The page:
How to Teach Children to Do Chores
Here's one key to motivation.
Posted February 3, 2023 | Reviewed by Davia Sills
- Studies of child development demonstrated long ago that extrinsic motivation (rewards) was less effective than intrinsic motivation (curiosity).
- Most children don't care about the external consequence or rewards attached to chores.
- Making chores a family affair teaches cooperation, empathy, and family values.
- The reward to doing chores as a family is being with you and pleasing you—an internally motivational reward.
Psychologists' views on chores have changed over the years.
We used to believe that chores were best taught through a method introduced to us by behavioral scientists:
- Assign age-appropriate tasks to the child.
- Reward the child for finishing the chores by a variety of methods (sticker charts, money, treats, etc.).
The problem both psychologists and parents encountered for years was that these strategies simply didn't work. Yes, you could get your child to wash dishes by paying them a dollar, but the child never did it again unless you paid them. Over time, even if you paid, the child found ways to avoid washing dishes, expressed hating the chore, and eventually stopped caring about getting paid.
This is because we ignored the research on what actually motivated children to do tasks. Surprise—it's not rewards or money. In fact, studies of child development demonstrated long ago that extrinsic motivation (rewards) was less effective than intrinsic motivation (curiosity or natural desire).
Next, psychologists moved away from recommending rewards and suggested "natural consequences."
The plan was simple:
- Give the child a chore.
- If the child doesn't get it done, they should learn the natural and logical consequences of it. For example, if they didn't wash the dishes, they had no clean dishes left from which to eat.
The problem soon became obvious—children didn't care enough about the consequences. They walked on muddy floors, waded through rooms full of dirty laundry, and ate off paper plates or towels.
After years of giving parents ineffective strategies and trying and failing at these as a parent myself, I finally stumbled on something new (although old).
How different cultures succeed in teaching children to do chores.
Psychologists and anthropologists who observed indigenous cultures in Central America found that children learned to do chores, wished to do them, and enjoyed helping (intrinsic motivation!) because their mothers did the chores along with them from an early age.
When children turn 2 years old, their natural development encourages them to be near a parent and imitate their parent (also to tantrum, but that's another post). In many cultures, parents harness the power of that desire to imitate, while in the U.S., we tend to suppress it or redirect it.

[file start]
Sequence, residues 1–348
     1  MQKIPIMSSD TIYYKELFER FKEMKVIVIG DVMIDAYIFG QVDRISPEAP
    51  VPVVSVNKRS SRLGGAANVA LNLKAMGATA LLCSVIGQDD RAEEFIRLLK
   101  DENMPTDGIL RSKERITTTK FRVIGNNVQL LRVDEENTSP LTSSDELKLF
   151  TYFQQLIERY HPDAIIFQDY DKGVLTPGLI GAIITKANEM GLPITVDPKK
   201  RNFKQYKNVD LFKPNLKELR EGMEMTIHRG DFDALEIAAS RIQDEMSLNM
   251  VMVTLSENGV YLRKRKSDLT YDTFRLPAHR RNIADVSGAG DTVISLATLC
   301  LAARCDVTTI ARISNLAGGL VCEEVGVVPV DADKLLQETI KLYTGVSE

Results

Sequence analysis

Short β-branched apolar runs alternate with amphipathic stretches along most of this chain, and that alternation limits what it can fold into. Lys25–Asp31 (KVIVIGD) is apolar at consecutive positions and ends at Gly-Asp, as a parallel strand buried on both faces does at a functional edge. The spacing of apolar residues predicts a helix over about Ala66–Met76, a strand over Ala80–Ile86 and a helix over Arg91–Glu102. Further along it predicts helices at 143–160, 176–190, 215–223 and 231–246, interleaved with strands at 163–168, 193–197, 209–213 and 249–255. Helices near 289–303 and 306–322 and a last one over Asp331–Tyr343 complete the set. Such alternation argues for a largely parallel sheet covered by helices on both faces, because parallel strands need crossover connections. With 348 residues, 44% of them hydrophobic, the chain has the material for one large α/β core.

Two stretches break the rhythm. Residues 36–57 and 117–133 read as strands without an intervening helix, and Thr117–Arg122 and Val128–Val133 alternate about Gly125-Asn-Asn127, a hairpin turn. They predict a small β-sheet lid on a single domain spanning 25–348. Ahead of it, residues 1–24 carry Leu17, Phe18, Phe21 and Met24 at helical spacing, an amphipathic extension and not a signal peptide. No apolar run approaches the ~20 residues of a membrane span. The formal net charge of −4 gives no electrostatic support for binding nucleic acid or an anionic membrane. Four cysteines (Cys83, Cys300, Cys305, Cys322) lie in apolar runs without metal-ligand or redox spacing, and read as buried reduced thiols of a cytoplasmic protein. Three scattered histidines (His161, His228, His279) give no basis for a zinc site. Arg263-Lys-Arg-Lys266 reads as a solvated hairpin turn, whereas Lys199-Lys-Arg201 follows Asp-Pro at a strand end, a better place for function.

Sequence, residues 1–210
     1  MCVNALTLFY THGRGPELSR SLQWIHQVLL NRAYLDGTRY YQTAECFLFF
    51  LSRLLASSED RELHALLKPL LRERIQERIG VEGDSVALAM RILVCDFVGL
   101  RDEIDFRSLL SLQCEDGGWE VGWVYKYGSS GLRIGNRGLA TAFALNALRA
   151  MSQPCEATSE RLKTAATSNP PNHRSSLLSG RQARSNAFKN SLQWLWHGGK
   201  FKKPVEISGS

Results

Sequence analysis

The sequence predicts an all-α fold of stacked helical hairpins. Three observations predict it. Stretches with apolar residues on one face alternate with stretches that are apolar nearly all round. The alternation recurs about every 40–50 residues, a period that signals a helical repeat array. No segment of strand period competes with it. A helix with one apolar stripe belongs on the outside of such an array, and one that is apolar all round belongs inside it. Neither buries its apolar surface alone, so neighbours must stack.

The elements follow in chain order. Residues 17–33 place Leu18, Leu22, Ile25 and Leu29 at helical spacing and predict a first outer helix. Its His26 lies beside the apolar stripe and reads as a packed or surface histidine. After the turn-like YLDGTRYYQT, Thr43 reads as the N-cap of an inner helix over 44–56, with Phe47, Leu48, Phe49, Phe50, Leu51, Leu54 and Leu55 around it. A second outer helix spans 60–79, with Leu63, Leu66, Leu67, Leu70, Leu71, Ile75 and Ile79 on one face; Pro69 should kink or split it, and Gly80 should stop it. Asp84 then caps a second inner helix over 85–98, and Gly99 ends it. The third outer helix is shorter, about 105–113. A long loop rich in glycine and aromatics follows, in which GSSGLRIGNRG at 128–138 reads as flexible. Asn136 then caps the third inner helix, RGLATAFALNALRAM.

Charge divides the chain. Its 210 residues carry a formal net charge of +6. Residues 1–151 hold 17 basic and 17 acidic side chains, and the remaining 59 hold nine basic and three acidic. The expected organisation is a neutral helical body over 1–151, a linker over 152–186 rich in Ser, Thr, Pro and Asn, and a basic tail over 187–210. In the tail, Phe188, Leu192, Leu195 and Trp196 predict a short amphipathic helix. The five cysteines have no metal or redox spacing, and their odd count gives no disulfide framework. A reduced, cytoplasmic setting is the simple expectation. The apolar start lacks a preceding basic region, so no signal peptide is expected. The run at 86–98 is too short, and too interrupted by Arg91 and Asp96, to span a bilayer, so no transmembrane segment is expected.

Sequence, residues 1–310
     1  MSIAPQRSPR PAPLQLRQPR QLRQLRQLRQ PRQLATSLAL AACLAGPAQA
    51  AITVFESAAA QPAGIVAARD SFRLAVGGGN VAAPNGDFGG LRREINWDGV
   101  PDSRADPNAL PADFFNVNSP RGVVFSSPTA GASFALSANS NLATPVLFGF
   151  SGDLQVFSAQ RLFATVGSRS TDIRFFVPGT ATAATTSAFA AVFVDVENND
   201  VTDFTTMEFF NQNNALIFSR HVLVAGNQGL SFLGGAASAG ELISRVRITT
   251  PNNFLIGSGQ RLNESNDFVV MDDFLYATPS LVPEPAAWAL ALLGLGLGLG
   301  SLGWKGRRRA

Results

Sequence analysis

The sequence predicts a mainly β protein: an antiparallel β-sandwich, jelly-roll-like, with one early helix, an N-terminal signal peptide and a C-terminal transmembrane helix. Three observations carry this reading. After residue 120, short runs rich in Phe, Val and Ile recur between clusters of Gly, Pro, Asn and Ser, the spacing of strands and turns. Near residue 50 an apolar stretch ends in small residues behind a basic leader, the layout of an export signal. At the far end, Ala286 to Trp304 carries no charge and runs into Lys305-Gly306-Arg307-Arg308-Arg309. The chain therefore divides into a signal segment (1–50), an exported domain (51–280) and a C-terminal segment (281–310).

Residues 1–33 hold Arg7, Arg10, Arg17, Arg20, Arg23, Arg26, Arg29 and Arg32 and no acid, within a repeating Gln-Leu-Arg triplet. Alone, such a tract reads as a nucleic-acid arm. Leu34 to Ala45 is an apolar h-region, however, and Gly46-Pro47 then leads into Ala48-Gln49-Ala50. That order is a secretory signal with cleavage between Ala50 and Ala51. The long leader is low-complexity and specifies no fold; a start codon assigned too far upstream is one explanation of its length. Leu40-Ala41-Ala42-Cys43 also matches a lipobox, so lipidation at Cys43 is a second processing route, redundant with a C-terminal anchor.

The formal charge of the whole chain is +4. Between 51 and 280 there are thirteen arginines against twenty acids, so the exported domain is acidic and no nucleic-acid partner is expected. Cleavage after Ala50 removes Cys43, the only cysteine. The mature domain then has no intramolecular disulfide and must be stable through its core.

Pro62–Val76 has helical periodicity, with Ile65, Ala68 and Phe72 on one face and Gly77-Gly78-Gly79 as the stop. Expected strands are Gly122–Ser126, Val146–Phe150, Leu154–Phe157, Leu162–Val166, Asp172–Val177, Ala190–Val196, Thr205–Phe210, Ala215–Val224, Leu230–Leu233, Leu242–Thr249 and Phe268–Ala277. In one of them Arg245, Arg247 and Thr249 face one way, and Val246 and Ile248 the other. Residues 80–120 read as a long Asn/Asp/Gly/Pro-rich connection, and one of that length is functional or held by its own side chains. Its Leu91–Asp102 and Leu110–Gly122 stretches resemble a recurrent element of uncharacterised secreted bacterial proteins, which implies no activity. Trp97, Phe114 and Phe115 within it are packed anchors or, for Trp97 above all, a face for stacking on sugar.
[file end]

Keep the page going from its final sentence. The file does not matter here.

Take a typical scenario:
A parent is starting to wash the floor. A toddler tries to grab the mop, splashes the water from the bucket, and slips around on the wet floor. Many parents I know would immediately pick up the toddler, clean them up, plop them in a safe location with a toy or an electronic distraction, and finish the mopping as quickly as possible. A very creative parent may give the toddler a toy broom and mop and have them pretend in a safe area away from the mess.
But if we follow what works in other cultures, I would recommend the parent to give a child a turn with the mop, no matter how messy this gets or give the child their own mop and have them mop right next to you. Yes, it takes longer to finish the job, but when your child is 6, they will be mopping on their own, and you will be very proud of your efforts. After all, parenting is a long game. Making chores a family affair teaches cooperation, empathy, and family values.
Parenting is teaching. Parenting is finding ways to increase intrinsic motivation.
The secret to teaching your child to do chores is fairly simple, then:
- Have them do chores with you, or you do chores with them. Your child can clean with you, do laundry with you, grocery shop with you, take care of the yard with you, and cook with you. You, in turn, can clean up your child's room with them and help them sort through their toys.
- There are no rewards, schedules, or lists needed. Your child does what you do. The reward is being with you and pleasing you, learning family tasks. The reward should only be internal—designed to increase their intrinsic motivation, their natural curiosity, and their desire to help their family.
Hope you got some ideas from this discussion. What has worked for your family to teach your children to do chores?
Alcalá L, Rogoff B, Mejía-Arauz R, Coppens A, D, Dexter A, L: Children's Initiative in Contributions to Family Work in Indigenous-Heritage and Cosmopolitan Communities in Mexico. Human Development 2014;57:96-115.
Gottfried, A. E., Fleming, J. S., & Gottfried, A. W. (1994). Role of parental motivational practices in children's academic intrinsic motivation and achievement. Journal of Educational Psychology, 86(1), 104–113.